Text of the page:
Wednesday, March 17, 2010

Work to cease on 'virtual fence' along U.S.-Mexico border

Washington Post Staff Writer
Tuesday, March 16, 2010

The Obama administration will halt new work on a "virtual fence" on the U.S.-Mexican border, Homeland Security Secretary Janet Napolitanoannounced Tuesday, diverting $50 million in planned economic stimulus funds for the project to other purposes.

Napolitano said the freeze on work beyond two pilot projects in Arizona was pending a broader reassessment. But the move signals a likely death knell for a troubled five-year plan to drape a chain of tower-mounted sensors and other surveillance gear across most of the 2,000-mile southern border.

That vision, initiated in 2006 by President George W. Bush, called for a series of networked cameras, radar and communications gear to help speed the response of U.S. Border Patrol officers to catch illegal immigrants and smugglers over the vast border area. However, the effort has been plagued by technical problems and delays with prime contractor Boeing Corp.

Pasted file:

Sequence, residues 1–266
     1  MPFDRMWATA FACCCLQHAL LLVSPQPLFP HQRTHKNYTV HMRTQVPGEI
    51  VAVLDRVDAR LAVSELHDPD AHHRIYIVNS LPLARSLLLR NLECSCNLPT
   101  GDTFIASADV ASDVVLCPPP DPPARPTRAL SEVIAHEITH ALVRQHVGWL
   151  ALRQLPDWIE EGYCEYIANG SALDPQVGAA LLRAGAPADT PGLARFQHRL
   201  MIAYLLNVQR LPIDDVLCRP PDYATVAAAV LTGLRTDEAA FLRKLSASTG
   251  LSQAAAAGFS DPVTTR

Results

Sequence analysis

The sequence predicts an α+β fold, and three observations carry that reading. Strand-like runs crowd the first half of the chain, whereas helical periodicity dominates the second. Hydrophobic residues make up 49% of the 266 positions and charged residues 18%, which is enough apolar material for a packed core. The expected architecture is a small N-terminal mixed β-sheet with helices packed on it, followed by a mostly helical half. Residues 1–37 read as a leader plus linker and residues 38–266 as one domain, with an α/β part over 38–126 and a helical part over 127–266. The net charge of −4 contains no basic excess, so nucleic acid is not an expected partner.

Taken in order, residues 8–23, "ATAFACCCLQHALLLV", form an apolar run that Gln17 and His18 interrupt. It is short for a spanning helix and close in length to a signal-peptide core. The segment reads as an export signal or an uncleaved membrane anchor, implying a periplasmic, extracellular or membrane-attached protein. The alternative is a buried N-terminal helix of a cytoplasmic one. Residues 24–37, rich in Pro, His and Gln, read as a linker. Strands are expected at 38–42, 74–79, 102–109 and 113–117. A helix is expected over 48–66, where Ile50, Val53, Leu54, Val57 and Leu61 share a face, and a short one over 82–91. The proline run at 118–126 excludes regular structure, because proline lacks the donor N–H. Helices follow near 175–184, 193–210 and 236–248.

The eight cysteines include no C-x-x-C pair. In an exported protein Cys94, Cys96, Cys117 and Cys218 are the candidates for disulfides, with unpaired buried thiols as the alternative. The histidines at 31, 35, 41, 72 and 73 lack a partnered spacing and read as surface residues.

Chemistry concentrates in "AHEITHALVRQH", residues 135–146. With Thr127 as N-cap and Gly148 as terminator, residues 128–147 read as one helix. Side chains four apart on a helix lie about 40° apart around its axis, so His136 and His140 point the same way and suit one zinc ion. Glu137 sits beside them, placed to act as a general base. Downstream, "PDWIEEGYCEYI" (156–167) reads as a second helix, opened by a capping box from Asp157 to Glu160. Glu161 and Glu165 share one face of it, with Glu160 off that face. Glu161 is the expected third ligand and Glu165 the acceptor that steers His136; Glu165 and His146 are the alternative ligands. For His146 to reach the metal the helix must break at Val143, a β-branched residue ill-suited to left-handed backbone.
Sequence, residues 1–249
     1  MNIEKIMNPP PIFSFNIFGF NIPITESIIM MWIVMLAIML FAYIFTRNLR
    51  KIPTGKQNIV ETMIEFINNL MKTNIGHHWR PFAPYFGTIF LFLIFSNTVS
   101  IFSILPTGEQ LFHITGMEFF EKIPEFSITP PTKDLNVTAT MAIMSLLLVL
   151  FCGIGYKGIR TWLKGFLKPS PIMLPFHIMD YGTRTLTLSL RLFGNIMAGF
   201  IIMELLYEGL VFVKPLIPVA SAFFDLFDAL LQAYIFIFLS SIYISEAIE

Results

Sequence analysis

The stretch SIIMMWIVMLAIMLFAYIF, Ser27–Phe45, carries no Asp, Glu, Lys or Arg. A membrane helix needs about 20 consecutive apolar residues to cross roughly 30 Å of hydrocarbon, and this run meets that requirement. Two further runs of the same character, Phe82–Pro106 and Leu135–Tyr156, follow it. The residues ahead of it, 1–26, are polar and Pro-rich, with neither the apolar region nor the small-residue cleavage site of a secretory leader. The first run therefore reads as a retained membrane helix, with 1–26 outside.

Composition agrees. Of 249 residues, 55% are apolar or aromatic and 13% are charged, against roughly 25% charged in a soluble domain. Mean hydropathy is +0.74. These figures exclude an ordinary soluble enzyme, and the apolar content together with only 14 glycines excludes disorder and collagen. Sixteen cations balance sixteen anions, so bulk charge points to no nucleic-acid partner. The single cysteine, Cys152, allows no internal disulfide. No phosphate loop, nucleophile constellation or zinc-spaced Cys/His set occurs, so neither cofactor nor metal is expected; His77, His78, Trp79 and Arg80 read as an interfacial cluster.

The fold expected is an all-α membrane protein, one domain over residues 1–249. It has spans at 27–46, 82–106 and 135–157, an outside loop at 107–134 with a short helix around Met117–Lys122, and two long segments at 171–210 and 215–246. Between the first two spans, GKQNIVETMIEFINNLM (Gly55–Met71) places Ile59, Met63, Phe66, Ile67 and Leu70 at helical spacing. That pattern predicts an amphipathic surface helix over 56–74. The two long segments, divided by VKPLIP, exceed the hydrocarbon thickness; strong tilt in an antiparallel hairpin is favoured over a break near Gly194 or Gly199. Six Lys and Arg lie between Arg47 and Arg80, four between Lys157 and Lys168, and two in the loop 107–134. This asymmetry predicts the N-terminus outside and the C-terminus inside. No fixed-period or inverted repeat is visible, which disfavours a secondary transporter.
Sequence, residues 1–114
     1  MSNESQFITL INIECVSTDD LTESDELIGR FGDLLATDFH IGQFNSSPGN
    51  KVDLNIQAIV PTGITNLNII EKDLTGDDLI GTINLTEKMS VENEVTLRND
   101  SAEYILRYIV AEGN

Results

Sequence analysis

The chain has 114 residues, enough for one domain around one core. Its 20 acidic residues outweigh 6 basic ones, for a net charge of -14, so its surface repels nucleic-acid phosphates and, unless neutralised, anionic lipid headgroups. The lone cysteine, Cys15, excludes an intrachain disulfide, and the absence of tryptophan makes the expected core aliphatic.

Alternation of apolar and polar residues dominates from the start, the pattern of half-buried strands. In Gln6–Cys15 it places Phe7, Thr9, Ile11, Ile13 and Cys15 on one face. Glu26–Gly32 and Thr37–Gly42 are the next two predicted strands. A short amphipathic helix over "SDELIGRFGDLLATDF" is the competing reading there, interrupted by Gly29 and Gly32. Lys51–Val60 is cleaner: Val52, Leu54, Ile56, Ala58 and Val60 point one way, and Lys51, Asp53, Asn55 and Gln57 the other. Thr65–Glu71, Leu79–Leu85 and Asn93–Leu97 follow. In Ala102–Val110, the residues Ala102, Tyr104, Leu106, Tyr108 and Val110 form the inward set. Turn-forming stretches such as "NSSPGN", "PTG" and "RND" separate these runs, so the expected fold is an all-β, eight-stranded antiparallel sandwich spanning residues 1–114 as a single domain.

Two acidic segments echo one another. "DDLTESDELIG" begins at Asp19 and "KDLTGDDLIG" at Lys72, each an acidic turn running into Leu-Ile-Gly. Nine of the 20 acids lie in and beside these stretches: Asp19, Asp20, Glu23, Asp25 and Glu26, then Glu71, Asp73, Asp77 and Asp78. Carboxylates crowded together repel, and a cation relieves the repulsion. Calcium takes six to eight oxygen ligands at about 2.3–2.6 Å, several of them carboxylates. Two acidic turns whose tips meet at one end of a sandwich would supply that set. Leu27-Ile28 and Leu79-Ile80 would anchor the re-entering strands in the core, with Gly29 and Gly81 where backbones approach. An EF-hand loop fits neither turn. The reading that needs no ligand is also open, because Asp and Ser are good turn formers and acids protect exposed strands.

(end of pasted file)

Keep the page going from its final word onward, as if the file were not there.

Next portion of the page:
Obama officials embraced the program, known as SBInet, on taking office in 2009, setting out a newfive-year timetable for completion. However, the administration last month proposed cutting funding to finish SBInet's first phase by roughly 30 percent to $574 million, under new congressional questioning about the plan's feasibility.

In a four-sentence statement, Napolitano said the department will immediately redeploy $50 million of stimulus funds to other technology, including mobile surveillance devices, sensors, radios and laptop computers.


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